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HOW THE NCIDQ EXAM IS DEVELOPED
To ensure the NCIDQ Examination is valid, fair, and reliable, CIDQ complies with the guidelines and standards published in The Standards for Educational and Psychological Testing (published jointly by the American Psychological Association, the National Council on Measurement in Education and the American Educational Research Association).
To develop, administer, and score the NCIDQ Examination, CIDQ works with a professional testing company that specializes in the development of certification and licensure exams. CIDQ follows accepted procedures for developing such exams and carefully document each step in the test-development process.
1. PRACTICE ANALYSIS
CIDQ updated its Practice Analysis in 2019 to identify current knowledge and skills that define a minimally competent professional in interior design. During the practice analysis process, a panel of subject-matter experts defines the overall practice areas and distinct tasks, knowledge and skills required for competent performance. We then validate the job responsibilities developed by the experts through a survey of 2,000 practicing interior designers who review and rate the areas and tasks according to their level of importance and criticality to competent practice.
2. DEVELOPING A TEST BLUEPRINT
CIDQ uses the results from the practice analysis to develop a ‘blueprint’ or template, for the NCIDQ Exam. Information from the analysis is used to determine the importance of each area of practice or task, and is then translated into the percentage of questions allotted a given area in the multiple-choice sections of the exam. The analysis also determines how the scoring formula is weighted in the design part of the exam.
3. ITEM DEVELOPMENT AND VALIDATION
The question-writing process uses both interior design and testing experts to ensure the appropriate content and form. All exam questions are written and reviewed by volunteer subject-matter experts in interior design who are trained in developing questions and problems for the exam. During and after development these experts review all of the questions to ensure they adhere to accepted principles for multiple-choice questions and design problems, as well as grammatical and usage conventions.
Questions accepted for use in the exam are judged, by consensus of the volunteers, to meet the following standards:
The knowledge tested by the question is essential for competent interior design and the protection of public health, safety and welfare.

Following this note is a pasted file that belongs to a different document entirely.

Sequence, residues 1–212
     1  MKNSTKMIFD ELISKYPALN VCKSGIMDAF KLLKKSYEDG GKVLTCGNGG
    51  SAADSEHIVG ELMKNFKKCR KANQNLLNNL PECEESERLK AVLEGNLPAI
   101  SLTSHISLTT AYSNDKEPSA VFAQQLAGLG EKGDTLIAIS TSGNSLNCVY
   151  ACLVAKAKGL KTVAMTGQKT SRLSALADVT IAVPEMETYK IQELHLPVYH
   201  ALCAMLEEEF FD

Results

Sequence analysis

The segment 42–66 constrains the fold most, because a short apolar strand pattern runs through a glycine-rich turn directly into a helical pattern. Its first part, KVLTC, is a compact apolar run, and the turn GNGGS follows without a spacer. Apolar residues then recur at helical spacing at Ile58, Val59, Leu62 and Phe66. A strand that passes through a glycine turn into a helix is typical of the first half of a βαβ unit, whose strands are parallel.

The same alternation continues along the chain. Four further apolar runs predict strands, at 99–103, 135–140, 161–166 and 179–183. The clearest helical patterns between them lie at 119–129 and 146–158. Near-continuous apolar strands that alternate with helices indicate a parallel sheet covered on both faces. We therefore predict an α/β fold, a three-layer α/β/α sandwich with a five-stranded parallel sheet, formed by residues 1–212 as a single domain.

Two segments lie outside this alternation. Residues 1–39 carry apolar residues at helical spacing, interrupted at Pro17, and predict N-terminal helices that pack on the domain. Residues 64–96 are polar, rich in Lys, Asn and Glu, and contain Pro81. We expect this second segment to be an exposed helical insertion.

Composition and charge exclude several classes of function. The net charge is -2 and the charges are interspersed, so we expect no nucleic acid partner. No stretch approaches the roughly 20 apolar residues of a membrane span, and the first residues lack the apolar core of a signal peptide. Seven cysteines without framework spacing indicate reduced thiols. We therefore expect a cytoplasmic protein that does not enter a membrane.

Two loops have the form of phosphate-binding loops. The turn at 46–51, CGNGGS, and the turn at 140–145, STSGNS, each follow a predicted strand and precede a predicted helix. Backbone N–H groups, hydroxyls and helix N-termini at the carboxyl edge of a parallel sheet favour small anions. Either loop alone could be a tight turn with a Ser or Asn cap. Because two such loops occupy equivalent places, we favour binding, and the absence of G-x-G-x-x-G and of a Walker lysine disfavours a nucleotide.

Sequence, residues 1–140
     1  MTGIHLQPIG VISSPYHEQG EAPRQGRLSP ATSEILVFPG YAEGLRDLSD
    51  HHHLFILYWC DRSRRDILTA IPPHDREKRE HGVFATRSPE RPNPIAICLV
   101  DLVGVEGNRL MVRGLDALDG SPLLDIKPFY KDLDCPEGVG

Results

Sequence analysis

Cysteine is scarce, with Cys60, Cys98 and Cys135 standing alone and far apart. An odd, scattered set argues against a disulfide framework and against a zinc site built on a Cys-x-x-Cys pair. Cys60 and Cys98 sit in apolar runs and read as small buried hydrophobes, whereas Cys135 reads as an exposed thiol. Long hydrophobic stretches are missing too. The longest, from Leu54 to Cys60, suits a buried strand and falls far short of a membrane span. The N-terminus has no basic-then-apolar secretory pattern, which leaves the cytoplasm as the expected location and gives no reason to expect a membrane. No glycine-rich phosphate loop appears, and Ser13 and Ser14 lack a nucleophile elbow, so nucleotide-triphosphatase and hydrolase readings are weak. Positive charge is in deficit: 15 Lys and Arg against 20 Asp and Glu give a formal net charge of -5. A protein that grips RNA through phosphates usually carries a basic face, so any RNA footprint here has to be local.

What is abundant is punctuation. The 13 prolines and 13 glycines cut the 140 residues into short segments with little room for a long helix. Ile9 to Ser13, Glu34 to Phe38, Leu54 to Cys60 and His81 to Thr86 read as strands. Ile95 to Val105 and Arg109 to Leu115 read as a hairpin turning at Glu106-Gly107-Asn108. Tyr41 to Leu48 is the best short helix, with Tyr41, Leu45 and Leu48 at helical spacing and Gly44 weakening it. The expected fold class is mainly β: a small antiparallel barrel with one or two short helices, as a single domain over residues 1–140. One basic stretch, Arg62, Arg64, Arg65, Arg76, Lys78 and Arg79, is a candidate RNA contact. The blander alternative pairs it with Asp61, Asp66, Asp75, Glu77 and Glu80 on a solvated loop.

The knowledge tested by the question is either moderately or extremely important in assessing competent interior design.
A correct response to the question would moderately or clearly differentiate adequate from inadequate performance for the competent interior designer.
The question has a verified reference.
The question is appropriate for the competent interior designer.
The answer or solution is correct.
The answer or solution can be defended if necessary.
The other answer choices are incorrect, but plausible to those without sufficient knowledge.
4. PRETESTING TEST QUESTIONS
To verify the validity and quality of exam questions, CIDQ pretests new questions and problems before including them as scored items on the exam. Candidates do not know which questions are scored or unscored. The pretest results are analyzed statistically to ensure the quality and reliability of the overall exam. Even though the test questions change, we use a statistical procedure to ensure that one test is no harder or easier than another test.
5. EXAMINATION ASSEMBLY
Each part of the NCIDQ Exam is created by selecting the appropriate number of questions from each content area, as specified in the test blueprint. A panel of interior designers works with testing experts during test assembly and validation to ensure maximum quality (in accordance with the considerations listed above) and an appropriate mixture of content.
6. EXAMINATION REVIEW AND REVISION
The draft exams are again reviewed by interior designers for technical accuracy and by testing experts to ensure integrity.
7. PASSING POINT
An exam must have a defensible, criterion-referenced passing score. The score that separates candidates who pass from candidates who fail must be based on the minimum competence required to protect the public from harm. CIDQ works with our testing consultant to determine this passing point, which we define as the level of an interior designer's ability to practice independently (without supervision) in a manner that will protect the public health, safety and welfare.
8. TEST ADMINISTRATION
Test administration procedures for the NCIDQ Exam ensure consistent, comfortable testing conditions for all candidates. Test administration guidelines specify a process for admitting candidates into the exam room, verifying their identity, providing security, allotting testing times, and other important considerations. Testing facilities meet CIDQ guidelines for security, proper room size, ventilation, restroom facilities, accessibility and noise control. Test administration personnel are thoroughly trained in the requirements for administering the test.
9. PSYCHOMETRIC ANALYSIS
Following each exam administration, CIDQ’s consultant conducts systematic analysis studies to ensure the proper function of each question and problem and of the test as a whole. Psychometric analysis also includes extensive reliability analysis as well as other studies that evaluate the quality of the exam.